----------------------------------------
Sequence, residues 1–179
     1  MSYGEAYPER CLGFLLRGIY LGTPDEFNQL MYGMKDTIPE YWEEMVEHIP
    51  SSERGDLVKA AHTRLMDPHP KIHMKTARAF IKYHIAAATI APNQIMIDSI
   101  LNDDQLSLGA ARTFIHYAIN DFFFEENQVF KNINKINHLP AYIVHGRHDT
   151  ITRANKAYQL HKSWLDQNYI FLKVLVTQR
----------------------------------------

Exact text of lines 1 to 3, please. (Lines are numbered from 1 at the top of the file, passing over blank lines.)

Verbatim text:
Sequence, residues 1–179
     1  MSYGEAYPER CLGFLLRGIY LGTPDEFNQL MYGMKDTIPE YWEEMVEHIP
    51  SSERGDLVKA AHTRLMDPHP KIHMKTARAF IKYHIAAATI APNQIMIDSI